The Prime Minister looks tired. His own MPs are starting to loathe him and his shine with the public is wearing off. Labour is closing the gap in the polls, relations between No 10 and No 11 are deteriorating and no-confidence letters are starting to trickle into the 1922 committee.
It’s been a tough few weeks of self-inflicted political pain for Boris Johnson. His badly misjudged handling of the Owen Patterson scandal was the trigger; marching his MPs to the top of the hill only to leave them exposed in the harsh cold of an inevitable and screeching u-turn. The wheels on the shopping trolley are well and truly stuck.
While there’s no prospect of an immediate challenge to Boris Johnson’s leadership (54 of his MPs would need to trigger a leadership ballot), the stage for one certainly seems to be getting a good setting.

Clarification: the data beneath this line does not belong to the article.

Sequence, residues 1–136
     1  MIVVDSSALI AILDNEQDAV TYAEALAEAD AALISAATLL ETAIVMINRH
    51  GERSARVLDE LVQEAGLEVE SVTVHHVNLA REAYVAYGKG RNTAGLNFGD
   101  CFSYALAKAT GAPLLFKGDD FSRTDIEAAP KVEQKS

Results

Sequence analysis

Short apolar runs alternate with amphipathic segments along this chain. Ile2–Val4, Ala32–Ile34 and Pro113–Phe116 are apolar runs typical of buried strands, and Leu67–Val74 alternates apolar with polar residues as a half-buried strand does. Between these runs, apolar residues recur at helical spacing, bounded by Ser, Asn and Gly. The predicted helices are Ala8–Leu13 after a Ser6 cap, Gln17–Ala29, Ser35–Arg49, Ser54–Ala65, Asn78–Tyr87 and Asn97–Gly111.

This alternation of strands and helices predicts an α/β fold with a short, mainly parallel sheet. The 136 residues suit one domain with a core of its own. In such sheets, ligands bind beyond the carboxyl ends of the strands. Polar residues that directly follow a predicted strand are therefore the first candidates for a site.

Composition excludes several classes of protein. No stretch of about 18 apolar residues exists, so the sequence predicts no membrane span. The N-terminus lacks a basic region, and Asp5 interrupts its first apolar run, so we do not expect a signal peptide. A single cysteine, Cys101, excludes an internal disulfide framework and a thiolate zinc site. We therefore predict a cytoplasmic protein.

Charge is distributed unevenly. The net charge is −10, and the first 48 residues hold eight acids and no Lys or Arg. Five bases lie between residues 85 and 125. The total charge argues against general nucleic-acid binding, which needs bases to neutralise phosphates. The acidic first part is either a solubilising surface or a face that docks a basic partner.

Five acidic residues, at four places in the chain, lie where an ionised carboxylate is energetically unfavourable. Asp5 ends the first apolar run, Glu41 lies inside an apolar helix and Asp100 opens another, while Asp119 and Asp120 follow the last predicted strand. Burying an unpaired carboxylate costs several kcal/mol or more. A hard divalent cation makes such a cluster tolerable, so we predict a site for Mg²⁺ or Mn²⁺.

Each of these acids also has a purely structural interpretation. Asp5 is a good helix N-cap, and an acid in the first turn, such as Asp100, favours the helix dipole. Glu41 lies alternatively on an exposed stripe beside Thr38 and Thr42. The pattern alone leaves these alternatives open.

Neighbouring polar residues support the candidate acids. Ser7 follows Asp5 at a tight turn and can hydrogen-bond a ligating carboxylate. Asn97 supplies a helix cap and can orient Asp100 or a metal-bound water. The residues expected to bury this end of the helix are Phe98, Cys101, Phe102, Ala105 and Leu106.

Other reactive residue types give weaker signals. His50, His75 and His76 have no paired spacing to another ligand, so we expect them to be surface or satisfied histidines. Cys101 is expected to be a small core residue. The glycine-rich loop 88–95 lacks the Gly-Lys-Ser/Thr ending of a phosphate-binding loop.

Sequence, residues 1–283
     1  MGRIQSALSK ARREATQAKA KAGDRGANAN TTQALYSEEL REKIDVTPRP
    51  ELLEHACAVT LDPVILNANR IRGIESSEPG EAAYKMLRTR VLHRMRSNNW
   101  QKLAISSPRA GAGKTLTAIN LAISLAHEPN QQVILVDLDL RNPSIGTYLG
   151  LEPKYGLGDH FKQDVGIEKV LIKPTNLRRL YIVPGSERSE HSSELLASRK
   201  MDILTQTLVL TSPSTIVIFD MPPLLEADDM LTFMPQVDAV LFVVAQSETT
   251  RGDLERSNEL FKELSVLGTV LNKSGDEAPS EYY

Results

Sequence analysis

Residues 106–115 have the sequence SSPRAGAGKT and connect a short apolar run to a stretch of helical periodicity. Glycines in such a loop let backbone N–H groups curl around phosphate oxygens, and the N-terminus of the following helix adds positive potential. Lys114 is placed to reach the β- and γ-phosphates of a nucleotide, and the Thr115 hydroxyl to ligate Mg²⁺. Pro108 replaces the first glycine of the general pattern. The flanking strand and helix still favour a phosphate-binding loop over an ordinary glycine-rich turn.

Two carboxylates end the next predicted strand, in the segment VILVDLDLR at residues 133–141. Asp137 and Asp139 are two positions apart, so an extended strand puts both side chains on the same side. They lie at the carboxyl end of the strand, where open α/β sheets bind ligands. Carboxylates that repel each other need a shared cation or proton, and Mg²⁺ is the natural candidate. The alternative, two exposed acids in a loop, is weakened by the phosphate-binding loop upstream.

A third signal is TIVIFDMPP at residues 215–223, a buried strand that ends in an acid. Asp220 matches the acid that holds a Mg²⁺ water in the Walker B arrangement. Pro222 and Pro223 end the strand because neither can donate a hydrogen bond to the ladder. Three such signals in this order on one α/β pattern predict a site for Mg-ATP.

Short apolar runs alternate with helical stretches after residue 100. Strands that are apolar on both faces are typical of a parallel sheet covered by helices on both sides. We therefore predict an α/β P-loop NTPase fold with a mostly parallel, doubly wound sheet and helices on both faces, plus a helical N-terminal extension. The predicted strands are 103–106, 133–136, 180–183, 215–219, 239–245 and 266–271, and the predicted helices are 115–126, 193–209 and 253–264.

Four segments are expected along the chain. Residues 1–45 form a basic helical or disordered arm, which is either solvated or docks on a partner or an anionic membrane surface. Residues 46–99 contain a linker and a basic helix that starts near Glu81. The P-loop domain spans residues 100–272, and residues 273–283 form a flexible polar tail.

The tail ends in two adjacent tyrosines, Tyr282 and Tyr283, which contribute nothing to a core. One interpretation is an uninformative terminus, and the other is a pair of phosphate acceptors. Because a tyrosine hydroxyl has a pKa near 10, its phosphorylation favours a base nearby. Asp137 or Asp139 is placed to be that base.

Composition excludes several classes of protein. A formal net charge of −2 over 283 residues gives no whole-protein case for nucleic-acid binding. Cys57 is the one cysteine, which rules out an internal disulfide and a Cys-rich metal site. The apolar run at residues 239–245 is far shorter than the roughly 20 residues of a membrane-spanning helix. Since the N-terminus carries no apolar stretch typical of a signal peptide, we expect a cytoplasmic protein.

Broken promises on rail infrastructure in the north, the highest tax burden in peacetime and regressive social care plans — even Tory MPs are getting shifty over the latest offerings of the Johnson administration. Reports today that red wall Tory MPs are plotting to coronate Liz Truss as their next leader will do little to settle nerves in No 10.
There are two factors to consider when thinking about Boris Johnson’s prospects over the next 12 months: is he still popular with the public, and is he still popular with his own party? On both counts, Johnson’s ratings are going down. Whether he can stop the bleeding of support turning into a full blown haemorrhage remains to be seen.
Ryan works in politics and is a contributor to PoliReview.